Around the Globe Series: Featuring Monique Simpson

Around the Globe Series

International Affairs Committee

SNMA members are active around the globe working to bridge health care disparities! If you have done research, elective or volunteer work in the realm of global health we would like to hear about it! Submissions to our Around the Globe Series can be submitted to

The following narrative is from member, Monique Elise Simpson, an MD Candidate in the Class of 2014 at Vanderbilt University School of Medicine who served as part of the Nicaragua Service Project during her 2011 spring break. She serves SNMA as the Region X International Affairs Liason.



I was fortunate enough to have the opportunity to go to Nicaragua on a medical service trip over my 2011 Spring Break. The experience was truly phenomenal, and I realized just how much a team of volunteers can do with one week of service in a country that has very limited resources.

Nicaragua is a beautiful country in Central America with a rich cultural history and a very diverse, multi-ethnic population. Despite its natural beauty, its turbulent past has negatively impacted its economy and it is one of the poorest [GP1] nations in the Western Hemisphere.

In the months prior to the trip, our team collected a plethora of supplies which included both medical and non-medical service necessities. Since we spent the majority of our time volunteering at the Eye Hospital, one of our largest initiatives was the collection of used glasses to donate and dispense in the clinic. The joint effort with the Rotary Club was hugely successful and over 2,000 pairs of glasses were donated. Student volunteers then read and documented the refractory indexes of the glasses in preparation for their pending donation. The team partnered with REMEDY to collect medical supplies from the Vanderbilt Hospitals. The Class of 2014 donated many sets of scrubs for the medical students and residents.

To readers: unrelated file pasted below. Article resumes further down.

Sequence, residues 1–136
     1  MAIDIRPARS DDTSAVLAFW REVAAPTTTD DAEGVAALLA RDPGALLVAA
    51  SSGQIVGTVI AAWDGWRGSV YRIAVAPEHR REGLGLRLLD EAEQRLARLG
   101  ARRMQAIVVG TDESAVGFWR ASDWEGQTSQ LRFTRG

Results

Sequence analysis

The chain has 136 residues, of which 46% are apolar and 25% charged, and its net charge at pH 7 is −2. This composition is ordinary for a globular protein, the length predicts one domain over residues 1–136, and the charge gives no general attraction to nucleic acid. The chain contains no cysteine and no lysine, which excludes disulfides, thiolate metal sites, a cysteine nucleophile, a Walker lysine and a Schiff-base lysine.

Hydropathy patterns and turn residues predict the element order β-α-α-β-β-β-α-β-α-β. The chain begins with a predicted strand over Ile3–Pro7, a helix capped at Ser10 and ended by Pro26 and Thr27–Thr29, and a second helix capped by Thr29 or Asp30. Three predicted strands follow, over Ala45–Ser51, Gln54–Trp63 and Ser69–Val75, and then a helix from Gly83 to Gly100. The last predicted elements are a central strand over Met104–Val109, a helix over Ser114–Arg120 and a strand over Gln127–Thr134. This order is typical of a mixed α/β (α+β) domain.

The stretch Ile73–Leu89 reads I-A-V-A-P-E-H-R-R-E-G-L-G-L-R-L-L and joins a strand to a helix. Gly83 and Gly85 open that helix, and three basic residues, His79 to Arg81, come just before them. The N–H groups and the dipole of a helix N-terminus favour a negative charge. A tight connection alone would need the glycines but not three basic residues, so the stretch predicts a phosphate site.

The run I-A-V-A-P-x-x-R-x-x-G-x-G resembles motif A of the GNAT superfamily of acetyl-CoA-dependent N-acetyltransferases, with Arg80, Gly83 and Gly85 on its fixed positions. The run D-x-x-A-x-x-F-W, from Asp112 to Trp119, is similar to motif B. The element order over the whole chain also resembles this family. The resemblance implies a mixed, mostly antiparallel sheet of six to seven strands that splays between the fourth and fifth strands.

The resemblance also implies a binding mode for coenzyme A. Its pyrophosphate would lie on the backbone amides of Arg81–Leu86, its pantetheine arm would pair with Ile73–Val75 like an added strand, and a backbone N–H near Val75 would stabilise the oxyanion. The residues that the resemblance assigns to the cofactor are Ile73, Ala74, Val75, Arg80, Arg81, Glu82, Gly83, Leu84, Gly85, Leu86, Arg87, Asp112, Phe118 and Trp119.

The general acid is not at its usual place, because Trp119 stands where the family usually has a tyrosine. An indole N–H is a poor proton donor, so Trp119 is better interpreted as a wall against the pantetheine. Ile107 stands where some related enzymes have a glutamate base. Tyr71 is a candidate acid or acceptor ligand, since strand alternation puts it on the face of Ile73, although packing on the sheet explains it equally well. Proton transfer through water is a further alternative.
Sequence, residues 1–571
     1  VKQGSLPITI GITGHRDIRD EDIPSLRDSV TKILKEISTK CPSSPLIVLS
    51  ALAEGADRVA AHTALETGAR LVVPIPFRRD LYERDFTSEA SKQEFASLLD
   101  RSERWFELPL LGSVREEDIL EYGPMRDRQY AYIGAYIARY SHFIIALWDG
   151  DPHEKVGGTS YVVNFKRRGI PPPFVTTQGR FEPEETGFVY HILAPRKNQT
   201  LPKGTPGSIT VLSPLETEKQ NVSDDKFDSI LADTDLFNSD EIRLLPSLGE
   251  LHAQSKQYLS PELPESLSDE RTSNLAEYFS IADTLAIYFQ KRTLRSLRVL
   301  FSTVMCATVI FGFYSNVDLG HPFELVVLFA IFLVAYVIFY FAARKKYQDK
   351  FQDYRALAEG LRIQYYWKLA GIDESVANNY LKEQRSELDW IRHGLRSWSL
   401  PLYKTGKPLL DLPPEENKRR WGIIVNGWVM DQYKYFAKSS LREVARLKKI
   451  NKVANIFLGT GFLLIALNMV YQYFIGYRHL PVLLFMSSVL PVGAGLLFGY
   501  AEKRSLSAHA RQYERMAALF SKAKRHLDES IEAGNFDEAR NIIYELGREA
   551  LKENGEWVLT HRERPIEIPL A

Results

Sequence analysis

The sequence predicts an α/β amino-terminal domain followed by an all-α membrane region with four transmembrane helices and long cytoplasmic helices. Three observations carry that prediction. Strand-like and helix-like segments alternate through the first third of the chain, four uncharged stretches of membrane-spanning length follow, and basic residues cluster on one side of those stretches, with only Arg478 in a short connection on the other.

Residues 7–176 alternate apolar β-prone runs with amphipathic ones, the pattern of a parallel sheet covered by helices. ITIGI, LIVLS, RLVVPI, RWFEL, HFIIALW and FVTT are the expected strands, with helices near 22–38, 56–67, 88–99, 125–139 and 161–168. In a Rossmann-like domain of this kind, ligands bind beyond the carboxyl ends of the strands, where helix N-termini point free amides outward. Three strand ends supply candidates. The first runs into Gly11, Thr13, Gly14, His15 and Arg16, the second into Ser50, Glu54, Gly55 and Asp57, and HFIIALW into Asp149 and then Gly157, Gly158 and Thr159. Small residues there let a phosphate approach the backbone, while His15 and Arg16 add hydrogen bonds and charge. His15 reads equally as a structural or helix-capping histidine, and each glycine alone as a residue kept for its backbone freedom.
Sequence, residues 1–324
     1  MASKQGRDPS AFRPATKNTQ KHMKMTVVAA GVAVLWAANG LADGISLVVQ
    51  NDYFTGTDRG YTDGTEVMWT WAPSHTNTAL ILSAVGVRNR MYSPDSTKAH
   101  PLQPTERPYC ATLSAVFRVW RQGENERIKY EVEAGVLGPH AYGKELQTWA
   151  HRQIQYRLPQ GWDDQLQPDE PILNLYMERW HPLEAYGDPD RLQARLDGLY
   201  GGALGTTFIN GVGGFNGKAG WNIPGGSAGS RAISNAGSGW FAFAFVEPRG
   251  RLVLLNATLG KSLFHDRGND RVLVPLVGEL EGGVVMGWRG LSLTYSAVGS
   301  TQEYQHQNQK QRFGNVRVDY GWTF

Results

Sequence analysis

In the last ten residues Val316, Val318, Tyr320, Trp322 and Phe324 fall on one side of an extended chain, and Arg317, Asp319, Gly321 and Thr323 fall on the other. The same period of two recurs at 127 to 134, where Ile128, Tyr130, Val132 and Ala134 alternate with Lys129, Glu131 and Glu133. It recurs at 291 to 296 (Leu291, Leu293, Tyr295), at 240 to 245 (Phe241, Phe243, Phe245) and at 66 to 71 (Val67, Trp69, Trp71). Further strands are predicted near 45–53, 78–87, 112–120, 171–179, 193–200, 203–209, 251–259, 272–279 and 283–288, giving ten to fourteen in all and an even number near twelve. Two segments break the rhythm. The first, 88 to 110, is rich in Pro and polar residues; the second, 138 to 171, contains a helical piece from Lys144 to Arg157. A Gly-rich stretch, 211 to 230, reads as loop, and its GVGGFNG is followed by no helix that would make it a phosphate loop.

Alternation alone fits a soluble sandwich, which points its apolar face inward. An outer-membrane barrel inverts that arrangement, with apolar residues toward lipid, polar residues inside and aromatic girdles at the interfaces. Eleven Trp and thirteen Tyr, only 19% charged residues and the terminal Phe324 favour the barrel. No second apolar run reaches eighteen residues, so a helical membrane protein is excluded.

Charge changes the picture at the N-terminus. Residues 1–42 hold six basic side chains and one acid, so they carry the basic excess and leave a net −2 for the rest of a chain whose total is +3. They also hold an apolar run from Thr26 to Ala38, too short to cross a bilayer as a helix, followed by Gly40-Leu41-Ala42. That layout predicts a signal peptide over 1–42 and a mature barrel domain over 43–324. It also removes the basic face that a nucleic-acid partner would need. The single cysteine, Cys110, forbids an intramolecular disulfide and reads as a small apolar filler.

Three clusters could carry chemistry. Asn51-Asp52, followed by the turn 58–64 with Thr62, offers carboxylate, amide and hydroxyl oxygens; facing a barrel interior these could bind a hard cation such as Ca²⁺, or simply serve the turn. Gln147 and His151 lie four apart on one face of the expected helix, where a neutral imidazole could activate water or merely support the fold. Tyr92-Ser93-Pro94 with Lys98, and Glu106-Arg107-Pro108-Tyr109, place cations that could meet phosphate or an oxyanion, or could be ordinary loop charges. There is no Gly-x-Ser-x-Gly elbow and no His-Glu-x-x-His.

Once in Nicaragua, the students held a number [GP2] of Preventative Medicine Clinics for patients as they waited to be treated. These clinics addressed pertinent concerns including: diabetes education, basic CPR, basic hygiene and infection control and healthy lifestyle and nutrition. These clinics were well received by the patients, who relished the distraction during their long wait to see the local physicians. The Endocrinology Clinic at Vanderbilt also contributed during our day of service at the Alabama Diabetes Clinic in Granada, located a short distance from Nicaragua’s capital, Managua. Led by Dr. Fowler, Dr. Desai and Dr. Fenlason, we performed basic health screenings for diabetes and hypertension, and diagnosed a significant number of patients who were unaware of their disease.

The trip wasn’t all work and no play! We had a number of afternoon excursions to explore Nicaragua’s beauty and culture. We went volcano surfing, bathed in both the Pacific Ocean and Lake Nicaragua, which is notorious for tiburones (sharks), and explored both Managua and Granada in our spare time. We are currently planning our third medical mission trip for March 2012 and we are hoping to expand the opportunities to include summer research through Vanderbilt’s Emphasis program and an exciting new partnership with the Children’s Hospital in Managua.

To find out more about this project visit,


Filed Under: Global Health

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